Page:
Leading Australasian kiwifruit grower Seeka has notified Australian authorities about “unusual bacterial related symptoms” at its orchards in the Goulburn Valley.
According to a statement issued via the NZX, the symptoms are consistent with the vine-killing PSA disease that hit the New Zealand kiwifruit industry. A positive detection is yet to be confirmed, with members of Agriculture Victoria visiting the orchards this week to collect samples for analysis.
Based in Bunbartha, Seeka’s Australian kiwifruit operation spreads across 154ha, of which 93ha produce commercial volumes of the Hayward variety.
The remaining 61ha are in development, with 47ha planted in ungrafted root stock, while 14ha were grafted two years go. The plant material in question is understood to have come from one of these development sites.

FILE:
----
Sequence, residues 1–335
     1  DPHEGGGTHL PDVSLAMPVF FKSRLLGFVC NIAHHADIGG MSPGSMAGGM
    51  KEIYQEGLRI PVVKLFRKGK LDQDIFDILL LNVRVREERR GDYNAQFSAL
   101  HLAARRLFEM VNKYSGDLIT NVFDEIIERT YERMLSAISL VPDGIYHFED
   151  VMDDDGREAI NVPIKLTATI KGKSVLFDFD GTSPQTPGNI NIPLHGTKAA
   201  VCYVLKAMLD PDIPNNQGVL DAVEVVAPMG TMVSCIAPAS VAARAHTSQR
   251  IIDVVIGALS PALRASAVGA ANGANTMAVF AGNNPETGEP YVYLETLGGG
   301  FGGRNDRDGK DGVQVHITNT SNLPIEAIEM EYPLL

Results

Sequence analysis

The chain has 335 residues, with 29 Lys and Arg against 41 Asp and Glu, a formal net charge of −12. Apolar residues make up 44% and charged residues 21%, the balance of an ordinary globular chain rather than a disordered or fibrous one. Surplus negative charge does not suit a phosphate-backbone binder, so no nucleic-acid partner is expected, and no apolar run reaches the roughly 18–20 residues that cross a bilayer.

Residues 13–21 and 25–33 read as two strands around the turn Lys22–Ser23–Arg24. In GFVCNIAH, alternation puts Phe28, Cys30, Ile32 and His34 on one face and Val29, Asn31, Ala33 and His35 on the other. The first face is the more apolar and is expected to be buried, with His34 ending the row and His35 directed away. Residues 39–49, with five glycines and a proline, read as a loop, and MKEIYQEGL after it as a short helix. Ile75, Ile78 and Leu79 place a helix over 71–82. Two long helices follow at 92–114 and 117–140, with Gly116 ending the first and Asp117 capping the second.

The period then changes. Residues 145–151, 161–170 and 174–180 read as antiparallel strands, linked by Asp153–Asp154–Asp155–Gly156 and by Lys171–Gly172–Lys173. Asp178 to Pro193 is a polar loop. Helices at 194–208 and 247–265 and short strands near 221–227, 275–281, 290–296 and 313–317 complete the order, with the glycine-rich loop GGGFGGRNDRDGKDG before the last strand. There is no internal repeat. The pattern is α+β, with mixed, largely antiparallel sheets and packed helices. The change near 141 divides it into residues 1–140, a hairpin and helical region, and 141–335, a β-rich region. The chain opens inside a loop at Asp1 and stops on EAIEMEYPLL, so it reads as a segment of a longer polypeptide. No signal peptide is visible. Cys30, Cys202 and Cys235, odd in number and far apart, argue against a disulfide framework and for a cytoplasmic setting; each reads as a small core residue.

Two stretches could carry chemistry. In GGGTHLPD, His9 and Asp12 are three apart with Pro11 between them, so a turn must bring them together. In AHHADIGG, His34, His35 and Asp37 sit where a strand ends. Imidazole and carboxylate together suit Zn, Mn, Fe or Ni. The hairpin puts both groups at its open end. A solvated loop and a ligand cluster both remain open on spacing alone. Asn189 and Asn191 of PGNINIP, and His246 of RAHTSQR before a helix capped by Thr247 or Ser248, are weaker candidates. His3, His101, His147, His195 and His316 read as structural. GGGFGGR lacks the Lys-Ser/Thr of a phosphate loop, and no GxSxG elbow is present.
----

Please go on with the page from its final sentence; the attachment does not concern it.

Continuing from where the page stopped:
As a preventative measure, Seeka has removed the grafted canopy from 4.5ha of the two-year-old vines. Having shown strong resilience to PSA in New Zealand, Seeka is confident its Hayward crop will be unaffected.
“Seeka is removing suspicious plant material, and is re-evaluating the varietal mix to be grafted into the orchards under development and is likely to have a greater focus on Hayward, which is less effected by PSA, if that is the disease,” the statement read.
“PSA is not expected to be a significant problem in Australia given the hot summer climate, and is more likely to express symptoms in the spring.”